I can’t quite believe it’s 2015. The last six weeks or so passed in a blur of work, present making, family get togethers, under the weatherness, and of course, Christmas itself.
During this time I learnt that for a blog to have posts, you have to write them. (It turns out that just thinking about them doesn’t do the trick. Who knew?)
Something I’ve wanted to write about is a glorious magazine that I came across at a market a few weeks ago. It is the January 1933 edition of “Good Needlework Magazine”, and it was a huge kick just to know that someone would have been poring over the same pages more than 80 years ago.
Inside it’s an absolute treasure trove. Not so much for the needlework itself – I don’t know if tastes have changed a fair bit, or if we’re so used to full colour photographs that having most of the magazine in black and white is off-putting, but there weren’t any ideas that I longed to recreate. Which is actually just as well, as for many of the projects there was no chart provided and the reader had to send off stamps or a postal order for the design transfer needed. I’d love to know if that’s what most people did, or if they bought the magazine more for inspiration.
But it’s still utterly wonderful. The language used really is that of a bygone age – designs and projects are described throughout as delightful, adorable and charming, a jumper “strikes a very smart note”, and a cut-work panel is “something quite fresh”.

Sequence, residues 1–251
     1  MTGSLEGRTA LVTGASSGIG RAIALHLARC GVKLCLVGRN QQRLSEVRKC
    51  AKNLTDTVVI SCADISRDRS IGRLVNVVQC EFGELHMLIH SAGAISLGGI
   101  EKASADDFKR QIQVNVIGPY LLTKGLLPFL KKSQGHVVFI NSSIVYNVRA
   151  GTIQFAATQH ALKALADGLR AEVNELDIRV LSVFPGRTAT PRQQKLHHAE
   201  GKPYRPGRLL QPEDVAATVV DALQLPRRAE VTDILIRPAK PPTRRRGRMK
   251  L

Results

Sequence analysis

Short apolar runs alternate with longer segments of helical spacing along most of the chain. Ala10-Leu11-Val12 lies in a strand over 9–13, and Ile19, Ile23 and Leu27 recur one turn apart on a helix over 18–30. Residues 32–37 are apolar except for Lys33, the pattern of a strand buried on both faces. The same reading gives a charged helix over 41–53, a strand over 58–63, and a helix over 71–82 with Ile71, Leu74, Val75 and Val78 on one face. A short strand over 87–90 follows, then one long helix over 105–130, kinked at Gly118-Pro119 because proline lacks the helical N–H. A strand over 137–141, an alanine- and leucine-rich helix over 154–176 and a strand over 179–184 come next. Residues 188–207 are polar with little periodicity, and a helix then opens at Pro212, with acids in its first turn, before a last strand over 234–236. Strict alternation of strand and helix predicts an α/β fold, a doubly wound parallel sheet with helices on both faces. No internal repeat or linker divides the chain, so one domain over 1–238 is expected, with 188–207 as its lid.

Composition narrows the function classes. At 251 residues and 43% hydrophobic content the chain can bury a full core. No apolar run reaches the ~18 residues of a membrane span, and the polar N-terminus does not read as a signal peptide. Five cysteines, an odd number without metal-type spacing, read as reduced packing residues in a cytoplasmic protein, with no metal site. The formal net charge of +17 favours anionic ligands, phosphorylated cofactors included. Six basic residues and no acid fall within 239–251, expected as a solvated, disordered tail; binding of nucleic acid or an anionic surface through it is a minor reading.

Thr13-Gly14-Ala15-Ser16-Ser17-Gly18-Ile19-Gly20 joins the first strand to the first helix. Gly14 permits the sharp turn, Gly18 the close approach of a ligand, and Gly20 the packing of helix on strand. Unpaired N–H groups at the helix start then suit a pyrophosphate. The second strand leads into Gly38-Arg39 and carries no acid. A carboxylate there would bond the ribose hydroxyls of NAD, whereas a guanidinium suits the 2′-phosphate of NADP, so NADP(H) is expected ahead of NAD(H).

It’s clear that the Advertising Standards Authority wasn’t around in the 1930s, as some advertisers knew no bounds when it came to their claims. My favourite is for a skin cream that would take you from being a wizened hag to a fresh-faced beauty in just three days (with the line illustration to prove it).
But without doubt the most delightful, adorable and charming part of the magazine is the short story. Who could fail to be drawn in by a tale with the immortal tag line “The Everyday Can Never Be Drab to Those Who Believe in Life!” It’s the story of plucky Milly Desmond, who puts up with the bullying ways of her employer, Mrs Harman, and finds herself drawn to Mrs Harman’s nephew, Tony, although Lady Gloria is determined to marry him for his money and to regain her family’s home. (Or something like that.) Alas, the story was serialised, and so unless someone has a copy of the February 1933 issue to hand, we will never know what happened, although my money would be on a happy ending for Milly and Tony, and comeuppance for Mrs Harman.